And we're dealing with a patient substrate that is, again, older, with many more commodities, who have lower ejection fractions and heart failure, where you need to have the ability -- in order to use the tools that you are required, you've got to have the ability to support the patients, which is why we believe that circulatory support is going to be important in the future. It's important now, but I think that it can be improved in terms of what is available and more specific for the cath lab. Certainly vascular disease is part and parcel of what we do. I don't even think it's looming. It's truly a global epidemic. I think you all know that about 5% of U.S. adults over the age of 50 have some form of peripheral arterial disease, and if you're a diabetic that number increases to 1 in 3. So there are millions of patients in developed markets that have PAD that is largely not treated, many times because it doesn't express itself clinically till a much later stage in the disease. You don't have the acute sentinel event like an acute MI in most patients, so you're dealing with end stage disease in the very beginning.
So I think the tools you need, need to be a little bit different than what we use in the coronary tree. So atherectomy and calcified lesions, a lot of thrombosis and thrombus removal potentially being important, not working as much with fixed metallic scaffolds as with other devices that might release drugs to reduce late recurrence. It's a different approach, because the disease itself is extremely heterogeneous, and it's riddled with calcification, which can occur in various portions of the artery, which, again, result in a variety of considerations in terms of how you remodel these
arteries in terms of being able to improve flow and improve viability of the distal limbs.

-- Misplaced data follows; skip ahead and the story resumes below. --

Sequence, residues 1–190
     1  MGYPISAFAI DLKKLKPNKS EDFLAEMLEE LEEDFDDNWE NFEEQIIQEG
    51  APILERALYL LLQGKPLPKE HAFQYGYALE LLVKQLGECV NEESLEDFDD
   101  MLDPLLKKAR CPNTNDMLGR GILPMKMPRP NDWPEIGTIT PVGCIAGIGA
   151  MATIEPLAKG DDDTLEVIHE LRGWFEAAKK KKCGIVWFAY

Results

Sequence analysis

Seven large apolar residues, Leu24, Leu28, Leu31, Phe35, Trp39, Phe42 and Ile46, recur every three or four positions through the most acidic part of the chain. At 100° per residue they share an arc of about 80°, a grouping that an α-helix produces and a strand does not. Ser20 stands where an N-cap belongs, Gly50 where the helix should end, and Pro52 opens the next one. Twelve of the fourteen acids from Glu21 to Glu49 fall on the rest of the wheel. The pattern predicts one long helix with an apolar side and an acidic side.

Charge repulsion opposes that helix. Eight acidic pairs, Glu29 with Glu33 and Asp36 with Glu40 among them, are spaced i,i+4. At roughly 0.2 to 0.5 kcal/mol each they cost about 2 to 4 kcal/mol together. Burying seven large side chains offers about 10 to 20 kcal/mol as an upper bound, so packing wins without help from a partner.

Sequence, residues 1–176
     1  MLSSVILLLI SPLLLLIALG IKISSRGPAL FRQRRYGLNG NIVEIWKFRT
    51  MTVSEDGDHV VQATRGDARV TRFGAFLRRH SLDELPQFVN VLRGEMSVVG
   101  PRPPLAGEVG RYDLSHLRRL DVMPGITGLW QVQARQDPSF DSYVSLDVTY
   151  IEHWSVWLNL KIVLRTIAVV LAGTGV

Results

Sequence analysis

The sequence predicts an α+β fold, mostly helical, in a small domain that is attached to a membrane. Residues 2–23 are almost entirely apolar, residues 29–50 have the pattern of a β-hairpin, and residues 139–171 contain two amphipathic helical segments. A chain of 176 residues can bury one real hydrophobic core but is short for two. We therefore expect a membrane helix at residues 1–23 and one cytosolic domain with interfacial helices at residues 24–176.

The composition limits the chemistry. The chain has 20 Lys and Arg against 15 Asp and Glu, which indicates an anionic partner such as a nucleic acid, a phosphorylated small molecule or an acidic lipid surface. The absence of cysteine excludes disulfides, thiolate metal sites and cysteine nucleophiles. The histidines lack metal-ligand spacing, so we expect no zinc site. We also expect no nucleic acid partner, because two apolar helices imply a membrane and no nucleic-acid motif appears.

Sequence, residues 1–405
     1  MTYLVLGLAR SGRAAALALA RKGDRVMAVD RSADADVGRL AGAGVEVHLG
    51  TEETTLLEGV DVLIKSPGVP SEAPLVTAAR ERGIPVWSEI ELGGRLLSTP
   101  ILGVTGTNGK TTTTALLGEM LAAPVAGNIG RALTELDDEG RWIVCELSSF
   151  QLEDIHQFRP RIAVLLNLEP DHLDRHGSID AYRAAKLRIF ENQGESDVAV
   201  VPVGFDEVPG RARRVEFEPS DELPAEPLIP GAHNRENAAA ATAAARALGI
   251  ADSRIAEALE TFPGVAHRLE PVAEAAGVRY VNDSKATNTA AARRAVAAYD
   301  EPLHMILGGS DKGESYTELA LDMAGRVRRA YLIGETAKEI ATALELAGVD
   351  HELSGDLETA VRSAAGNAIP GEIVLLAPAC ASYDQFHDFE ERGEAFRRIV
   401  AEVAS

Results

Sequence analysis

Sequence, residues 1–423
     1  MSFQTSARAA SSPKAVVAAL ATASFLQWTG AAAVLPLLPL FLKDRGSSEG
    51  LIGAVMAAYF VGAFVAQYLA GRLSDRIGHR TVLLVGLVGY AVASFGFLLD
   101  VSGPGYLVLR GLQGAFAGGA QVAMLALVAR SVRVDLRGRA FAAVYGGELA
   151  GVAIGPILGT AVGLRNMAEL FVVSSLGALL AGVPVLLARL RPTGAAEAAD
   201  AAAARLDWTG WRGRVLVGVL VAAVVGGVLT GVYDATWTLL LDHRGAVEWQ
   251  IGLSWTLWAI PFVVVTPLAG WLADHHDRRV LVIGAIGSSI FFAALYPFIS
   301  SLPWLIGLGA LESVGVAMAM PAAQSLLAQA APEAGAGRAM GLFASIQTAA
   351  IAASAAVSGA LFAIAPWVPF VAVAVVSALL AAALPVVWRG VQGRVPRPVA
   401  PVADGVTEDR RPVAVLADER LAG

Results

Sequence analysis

So when we tried to define this concept of CHIP, we had the Venn diagram that looked something like this, where we recognized that these were patients that have greater comorbidities. Many of them are surgically ineligible. A lot of the patients that get referred to us are from surgeons, who say we just can't treat this patient because he's had multiple operations, he's got more diffuse disease, his ejection fraction is too low. It's those patients that have complex anatomy, and I've alluded to some of that, and we'll discuss that in a moment. That certainly continues to be a frustration for us, and many patients who have issues with hemodynamics and ventricular function.
There is a mini-revolution going on with CTO therapies. There have been large, randomized trials justifying the treatment of unprotected left main disease, I was a PI of a study in bifurcations of almost 1,000 patients. Now you're hearing the ECLIPSE trial in over 2,000 patients in calcified coronary disease, and many other lesion substrates that we worry about.
And we have new tools. Certainly we have echocardiography and CT. CT is becoming more and more used, and you'll see CT-FFR as being a big issue in the future. There's IVUS, OCT, physiology. There's a whole concept of doing FFR using angiography that is being interestingly developed right now that may have an implication.
These patients can have valvular disease. They can have cardiogenic shock. Many of them are going to require various forms of mechanical circulatory support. So this is the world that we're living in if we are choosing to treat these patients. And our feeling is that we have to assume the responsibility of doing that, and we need partners who are going to be responsive to our ability to be able to manage these patients and to provide the tools and the training so that physicians can become more expert and get the kinds of results that we expect or in fact should insist on.